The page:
Weigel Wisdom on Henry Hyde

(photo: CNS photo)

“George Weigel is the kind of thinker who can write just a paragraph,” said a friend, “and it’s profound and worth reading.”  So it’s okay that I’m quoting Weigel on Henry Hyde from a year ago.

Our editorial remembers how Hyde saved more lives than any contemporary pro-lifer — in a hostile Washington like 2009’s.

Weigel might disagree with the editorial, but I find some support in his column.

Hyde “was the most consequential Catholic legislator of his time,” writes Weigel, who “loved the U.S. House of Representatives and who was, in turn, well-loved by its members, Republican and Democrat alike. By all accounts, he was the most brilliant extemporaneous debater in living memory, and while his comments could be sharp, they never drew blood, for Henry was, at heart, a gentle man.”

It’s Hyde’s coalition-building style we emphasize in “Henry Hyde’s 4 Rules for Pro-Lifers.” But just as important is his fidelity and the the hope (and even joy) he kept while facing long odds. The ending of Weigel’s piece sums that up well:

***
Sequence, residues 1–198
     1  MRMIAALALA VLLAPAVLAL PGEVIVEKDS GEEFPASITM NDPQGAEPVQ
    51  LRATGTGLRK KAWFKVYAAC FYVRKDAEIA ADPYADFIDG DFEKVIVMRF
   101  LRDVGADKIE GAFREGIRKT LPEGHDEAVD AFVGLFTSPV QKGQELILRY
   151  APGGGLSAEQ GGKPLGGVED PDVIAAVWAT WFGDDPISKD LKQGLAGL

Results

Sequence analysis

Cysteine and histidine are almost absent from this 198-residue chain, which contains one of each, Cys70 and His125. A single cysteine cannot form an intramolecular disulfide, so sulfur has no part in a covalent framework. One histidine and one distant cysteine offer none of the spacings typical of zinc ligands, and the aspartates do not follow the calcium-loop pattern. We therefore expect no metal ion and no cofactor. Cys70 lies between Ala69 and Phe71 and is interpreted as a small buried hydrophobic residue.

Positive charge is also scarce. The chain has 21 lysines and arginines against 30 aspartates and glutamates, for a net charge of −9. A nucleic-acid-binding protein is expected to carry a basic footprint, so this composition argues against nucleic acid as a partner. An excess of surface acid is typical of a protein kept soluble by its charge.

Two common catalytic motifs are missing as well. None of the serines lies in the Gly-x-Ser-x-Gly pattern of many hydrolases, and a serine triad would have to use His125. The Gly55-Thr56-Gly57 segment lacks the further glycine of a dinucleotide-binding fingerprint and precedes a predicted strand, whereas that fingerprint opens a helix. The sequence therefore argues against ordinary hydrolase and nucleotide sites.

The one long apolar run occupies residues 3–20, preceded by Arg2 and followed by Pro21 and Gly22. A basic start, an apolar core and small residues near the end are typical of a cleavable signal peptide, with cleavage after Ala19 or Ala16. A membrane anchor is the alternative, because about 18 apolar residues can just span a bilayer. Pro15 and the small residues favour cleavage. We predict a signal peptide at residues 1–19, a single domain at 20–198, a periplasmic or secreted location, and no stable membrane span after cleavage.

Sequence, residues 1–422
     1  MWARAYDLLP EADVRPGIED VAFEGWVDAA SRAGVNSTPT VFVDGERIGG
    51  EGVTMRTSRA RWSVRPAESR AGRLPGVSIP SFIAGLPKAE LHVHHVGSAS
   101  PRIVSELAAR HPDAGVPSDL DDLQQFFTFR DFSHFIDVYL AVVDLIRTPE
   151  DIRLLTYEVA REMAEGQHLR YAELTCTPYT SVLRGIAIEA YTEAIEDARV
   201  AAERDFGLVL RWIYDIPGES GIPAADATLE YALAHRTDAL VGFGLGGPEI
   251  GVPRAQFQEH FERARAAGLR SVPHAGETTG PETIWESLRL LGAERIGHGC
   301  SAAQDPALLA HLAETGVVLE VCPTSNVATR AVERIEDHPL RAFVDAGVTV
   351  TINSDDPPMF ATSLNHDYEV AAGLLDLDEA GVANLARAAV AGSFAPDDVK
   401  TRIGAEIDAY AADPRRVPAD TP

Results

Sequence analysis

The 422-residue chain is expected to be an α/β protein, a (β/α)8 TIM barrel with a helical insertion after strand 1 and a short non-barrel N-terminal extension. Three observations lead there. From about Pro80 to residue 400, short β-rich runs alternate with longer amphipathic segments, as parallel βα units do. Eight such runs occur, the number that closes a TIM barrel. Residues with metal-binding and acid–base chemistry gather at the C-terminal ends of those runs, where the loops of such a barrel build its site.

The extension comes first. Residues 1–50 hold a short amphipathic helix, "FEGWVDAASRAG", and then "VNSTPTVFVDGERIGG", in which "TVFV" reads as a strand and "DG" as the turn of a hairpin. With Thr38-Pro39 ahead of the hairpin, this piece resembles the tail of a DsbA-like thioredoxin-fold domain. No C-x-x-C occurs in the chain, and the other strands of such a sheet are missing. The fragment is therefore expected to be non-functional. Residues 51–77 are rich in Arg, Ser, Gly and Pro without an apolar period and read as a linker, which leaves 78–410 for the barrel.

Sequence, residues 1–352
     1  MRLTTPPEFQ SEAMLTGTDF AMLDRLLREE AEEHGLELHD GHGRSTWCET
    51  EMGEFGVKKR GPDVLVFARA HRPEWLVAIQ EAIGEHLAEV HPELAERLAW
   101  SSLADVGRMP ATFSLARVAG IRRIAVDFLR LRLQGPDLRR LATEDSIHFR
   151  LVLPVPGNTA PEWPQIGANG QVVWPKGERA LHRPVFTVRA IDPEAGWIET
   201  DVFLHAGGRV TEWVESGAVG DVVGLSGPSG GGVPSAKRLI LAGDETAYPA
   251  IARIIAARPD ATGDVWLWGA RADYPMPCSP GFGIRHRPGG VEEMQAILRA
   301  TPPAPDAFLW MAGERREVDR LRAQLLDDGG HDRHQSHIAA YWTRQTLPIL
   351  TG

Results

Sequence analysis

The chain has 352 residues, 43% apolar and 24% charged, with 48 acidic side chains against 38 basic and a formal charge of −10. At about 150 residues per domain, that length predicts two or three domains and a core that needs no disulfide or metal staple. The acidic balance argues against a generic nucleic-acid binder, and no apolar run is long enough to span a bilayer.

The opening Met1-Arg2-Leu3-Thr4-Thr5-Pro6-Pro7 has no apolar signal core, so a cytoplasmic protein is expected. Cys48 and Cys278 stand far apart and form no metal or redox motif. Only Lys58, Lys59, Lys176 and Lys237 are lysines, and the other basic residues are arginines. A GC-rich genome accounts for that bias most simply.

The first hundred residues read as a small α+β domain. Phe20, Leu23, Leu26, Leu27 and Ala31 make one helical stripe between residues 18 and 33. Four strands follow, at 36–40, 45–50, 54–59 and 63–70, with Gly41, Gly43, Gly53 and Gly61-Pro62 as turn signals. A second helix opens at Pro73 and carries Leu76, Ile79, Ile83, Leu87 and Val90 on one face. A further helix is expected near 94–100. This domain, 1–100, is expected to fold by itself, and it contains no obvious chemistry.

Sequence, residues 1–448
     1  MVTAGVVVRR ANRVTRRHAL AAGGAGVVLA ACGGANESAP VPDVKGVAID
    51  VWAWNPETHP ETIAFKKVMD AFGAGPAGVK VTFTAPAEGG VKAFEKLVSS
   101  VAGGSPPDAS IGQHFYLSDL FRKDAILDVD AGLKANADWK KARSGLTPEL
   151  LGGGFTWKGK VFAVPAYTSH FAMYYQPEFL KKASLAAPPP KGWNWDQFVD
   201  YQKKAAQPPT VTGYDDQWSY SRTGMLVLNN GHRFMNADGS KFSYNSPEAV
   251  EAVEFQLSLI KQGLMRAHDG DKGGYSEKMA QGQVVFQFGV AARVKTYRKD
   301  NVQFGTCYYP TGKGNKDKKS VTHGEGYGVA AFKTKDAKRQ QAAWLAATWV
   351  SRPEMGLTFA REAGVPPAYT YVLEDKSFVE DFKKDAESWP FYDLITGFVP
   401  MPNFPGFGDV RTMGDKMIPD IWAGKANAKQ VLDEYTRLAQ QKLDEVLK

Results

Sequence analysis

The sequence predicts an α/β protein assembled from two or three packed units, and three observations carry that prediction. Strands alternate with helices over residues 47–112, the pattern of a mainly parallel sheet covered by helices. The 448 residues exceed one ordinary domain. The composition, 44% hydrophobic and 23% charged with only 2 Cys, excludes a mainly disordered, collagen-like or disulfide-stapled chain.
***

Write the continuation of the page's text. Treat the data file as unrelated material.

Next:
“In his office, there was a photo that surprised those visitors who only knew Hyde in his portly phase. It was a photo of Henry, playing for Georgetown, going up against DePaul’s George Mikan, the first of basketball’s great big men. That photo always struck me as a kind of metaphor for Henry’s life as a public man, and especially as the nation’s leading pro-life legislator. Henry was used to going against the odds, against the big battalions. He exulted in the battle because the battle was right. He was a happy warrior who could dish it out, take his licks, and come back to fight another day. He didn’t recognize the received wisdom that certain things couldn’t be done, so he went ahead and did them anyway. When he won, those who lost admired him, and some came to love him. When he lost, he lost well — and refused to abandon the cause.

“If the pro-life movement is the great civil rights movement of our time, then Henry J. Hyde was one of America’s greatest civil rights leaders. Today’s holy innocents, who welcomed him at his final homecoming on November 29, had no doubt about that.”
Here’s Weigel’s 2008 piece.

Here’s the Register applying Hyde’s lessons to 2009 in “Henry Hyde’s 4 Rules for Pro-Lifers.”

— Tom Hoopes

Pope Francis waves to pilgrims during his Angelus address August 30, 2020.

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